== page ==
The EA hypothesis demands that we create a definition for “enterprise system” and a method for describing the “structure” of an enterprise with respect to those systems and to describe the “relationships” between them. Clearly an enterprise system has to include socio cultural systems, information technology systems, workflow systems, and governance systems.
The EA hypothesis suggests that the relationships between these systems are important. That the relationships themselves influence the rate of potential change. as well as the cost to own a system.
The EA hypothesis demands that we measure the rate of potential change, and that we describe “organizational cost.” To do the latter, we must develop a clear idea of what is involved in operating and maintaining each of the included systems.
The hypothesis is also fairly unbounded. It leaves us with important questions to answer.
I’m intentionally not answering these questions here because it is rational to leave all of these questions open for scientific research. It is entirely possible that the answers may help us separate useful EA models from useless ones. It is simply too soon to tell.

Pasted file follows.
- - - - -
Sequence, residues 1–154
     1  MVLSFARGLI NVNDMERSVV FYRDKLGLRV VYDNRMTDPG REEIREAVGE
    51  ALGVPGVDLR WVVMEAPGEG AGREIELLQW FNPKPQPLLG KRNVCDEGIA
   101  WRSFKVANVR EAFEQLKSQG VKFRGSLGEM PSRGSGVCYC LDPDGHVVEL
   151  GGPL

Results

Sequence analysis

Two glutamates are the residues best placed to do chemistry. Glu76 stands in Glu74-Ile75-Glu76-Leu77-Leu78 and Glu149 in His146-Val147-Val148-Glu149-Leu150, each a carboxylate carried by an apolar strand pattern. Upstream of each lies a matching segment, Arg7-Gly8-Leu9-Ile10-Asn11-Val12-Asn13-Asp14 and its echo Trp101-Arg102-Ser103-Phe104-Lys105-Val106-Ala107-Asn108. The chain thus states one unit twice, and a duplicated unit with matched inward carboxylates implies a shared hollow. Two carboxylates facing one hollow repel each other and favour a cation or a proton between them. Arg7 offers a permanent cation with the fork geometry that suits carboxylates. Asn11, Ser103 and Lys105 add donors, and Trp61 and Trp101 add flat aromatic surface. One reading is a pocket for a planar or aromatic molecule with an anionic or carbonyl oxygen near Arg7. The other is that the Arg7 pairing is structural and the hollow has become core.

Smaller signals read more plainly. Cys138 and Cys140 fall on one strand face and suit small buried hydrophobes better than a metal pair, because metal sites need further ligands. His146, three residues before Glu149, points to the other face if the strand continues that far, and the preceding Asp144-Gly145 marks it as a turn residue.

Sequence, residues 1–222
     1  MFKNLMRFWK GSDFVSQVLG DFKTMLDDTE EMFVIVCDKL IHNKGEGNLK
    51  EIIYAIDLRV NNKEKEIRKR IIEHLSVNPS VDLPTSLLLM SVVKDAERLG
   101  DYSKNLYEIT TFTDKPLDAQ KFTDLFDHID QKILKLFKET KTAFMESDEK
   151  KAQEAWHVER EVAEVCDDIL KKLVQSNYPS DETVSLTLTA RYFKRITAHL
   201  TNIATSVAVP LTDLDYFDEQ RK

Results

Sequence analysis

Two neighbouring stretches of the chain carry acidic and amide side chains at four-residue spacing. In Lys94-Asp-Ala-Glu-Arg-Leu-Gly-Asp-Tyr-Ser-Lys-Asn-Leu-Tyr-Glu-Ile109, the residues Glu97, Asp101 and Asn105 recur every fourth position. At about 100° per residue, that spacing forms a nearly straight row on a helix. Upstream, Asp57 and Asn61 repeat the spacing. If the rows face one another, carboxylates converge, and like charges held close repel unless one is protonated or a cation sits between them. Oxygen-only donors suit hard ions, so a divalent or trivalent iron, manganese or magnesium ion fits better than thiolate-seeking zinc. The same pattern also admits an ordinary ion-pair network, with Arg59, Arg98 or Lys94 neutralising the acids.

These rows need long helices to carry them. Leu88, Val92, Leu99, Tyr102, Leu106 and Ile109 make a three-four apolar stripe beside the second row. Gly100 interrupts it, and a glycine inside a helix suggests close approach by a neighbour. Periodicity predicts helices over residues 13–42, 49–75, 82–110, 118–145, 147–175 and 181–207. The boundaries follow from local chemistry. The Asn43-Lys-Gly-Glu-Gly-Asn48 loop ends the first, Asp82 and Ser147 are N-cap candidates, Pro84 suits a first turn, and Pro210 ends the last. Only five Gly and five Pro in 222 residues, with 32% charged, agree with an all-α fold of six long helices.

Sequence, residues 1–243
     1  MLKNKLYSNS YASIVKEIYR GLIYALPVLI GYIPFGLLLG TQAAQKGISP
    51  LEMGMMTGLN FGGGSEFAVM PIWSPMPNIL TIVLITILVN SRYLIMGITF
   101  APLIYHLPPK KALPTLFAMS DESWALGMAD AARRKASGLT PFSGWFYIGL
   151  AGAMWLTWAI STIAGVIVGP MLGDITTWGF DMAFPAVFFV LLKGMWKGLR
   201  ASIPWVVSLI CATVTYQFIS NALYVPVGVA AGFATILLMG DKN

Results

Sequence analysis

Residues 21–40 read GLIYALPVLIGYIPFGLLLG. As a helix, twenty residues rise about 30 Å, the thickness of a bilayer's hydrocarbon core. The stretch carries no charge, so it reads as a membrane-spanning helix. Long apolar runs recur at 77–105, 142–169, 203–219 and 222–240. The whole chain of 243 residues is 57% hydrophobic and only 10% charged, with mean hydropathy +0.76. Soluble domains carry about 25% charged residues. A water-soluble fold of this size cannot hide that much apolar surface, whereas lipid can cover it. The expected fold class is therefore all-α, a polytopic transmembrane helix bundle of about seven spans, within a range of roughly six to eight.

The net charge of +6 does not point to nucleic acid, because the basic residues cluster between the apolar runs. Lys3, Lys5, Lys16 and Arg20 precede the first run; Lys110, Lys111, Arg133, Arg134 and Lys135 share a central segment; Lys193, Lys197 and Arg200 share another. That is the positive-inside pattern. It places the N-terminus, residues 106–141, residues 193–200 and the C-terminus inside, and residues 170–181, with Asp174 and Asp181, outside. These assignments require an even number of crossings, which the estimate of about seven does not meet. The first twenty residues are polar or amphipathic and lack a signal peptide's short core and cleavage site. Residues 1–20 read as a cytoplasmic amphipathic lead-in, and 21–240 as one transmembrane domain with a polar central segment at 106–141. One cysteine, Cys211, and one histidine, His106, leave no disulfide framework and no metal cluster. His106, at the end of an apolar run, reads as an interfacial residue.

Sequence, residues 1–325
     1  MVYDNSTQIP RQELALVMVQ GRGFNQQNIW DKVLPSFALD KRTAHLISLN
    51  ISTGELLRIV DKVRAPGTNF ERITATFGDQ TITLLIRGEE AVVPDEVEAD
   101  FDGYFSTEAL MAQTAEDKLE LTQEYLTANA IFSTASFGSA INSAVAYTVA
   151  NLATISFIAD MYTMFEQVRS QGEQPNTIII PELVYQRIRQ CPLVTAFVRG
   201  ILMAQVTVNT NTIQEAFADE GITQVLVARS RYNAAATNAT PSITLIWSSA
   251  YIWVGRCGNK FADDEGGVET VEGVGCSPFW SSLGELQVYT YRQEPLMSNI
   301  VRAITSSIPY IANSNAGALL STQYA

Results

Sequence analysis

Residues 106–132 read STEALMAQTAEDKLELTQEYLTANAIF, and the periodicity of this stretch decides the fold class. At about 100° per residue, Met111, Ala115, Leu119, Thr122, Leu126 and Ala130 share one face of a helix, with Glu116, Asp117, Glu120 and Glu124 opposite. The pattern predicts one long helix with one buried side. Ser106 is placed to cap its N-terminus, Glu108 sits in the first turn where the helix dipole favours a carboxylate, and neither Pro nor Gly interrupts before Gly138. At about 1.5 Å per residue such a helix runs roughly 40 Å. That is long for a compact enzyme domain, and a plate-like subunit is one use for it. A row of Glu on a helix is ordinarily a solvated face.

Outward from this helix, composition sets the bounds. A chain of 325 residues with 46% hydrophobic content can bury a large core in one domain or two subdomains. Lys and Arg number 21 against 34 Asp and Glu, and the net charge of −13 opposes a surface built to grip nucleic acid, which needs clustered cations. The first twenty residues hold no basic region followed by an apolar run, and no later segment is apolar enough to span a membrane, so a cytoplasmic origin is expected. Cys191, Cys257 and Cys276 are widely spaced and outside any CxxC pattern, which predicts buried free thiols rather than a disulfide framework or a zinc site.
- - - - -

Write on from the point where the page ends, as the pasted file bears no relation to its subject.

The rationale for creating an EA hypothesis is the requirement, often expressed through strategy, placed on an enterprise by its senior leaders, to do one of two things:
This matters because nearly all strategy hits one of these two buckets. This goes from corporate strategy all the way down to personal improvement: either you are improving your production, or your production capacity. Either you doing what you know how to do, or you are learning new things. Either you are getting better at the normal stuff, or innovating to add new stuff.
Enterprise architects are called upon to help in both ways. We have to answer questions like: “what does “innovation X” do for us, and what does it do to us?” We also have to contribute to ongoing concerns like “how do I grow my business in “Market Segment Y” in an innovative and compelling way?” and “How do I cut the cost of our IT expenditures?” and “How do I improve the quality of my customer data?” These questions fall under the category of “organizational cost”.
* Cost and quality come together to include a balance of monetary cost, effectiveness, customer satisfaction, efficiency, speed, security, reliability, and many other system quality attributes.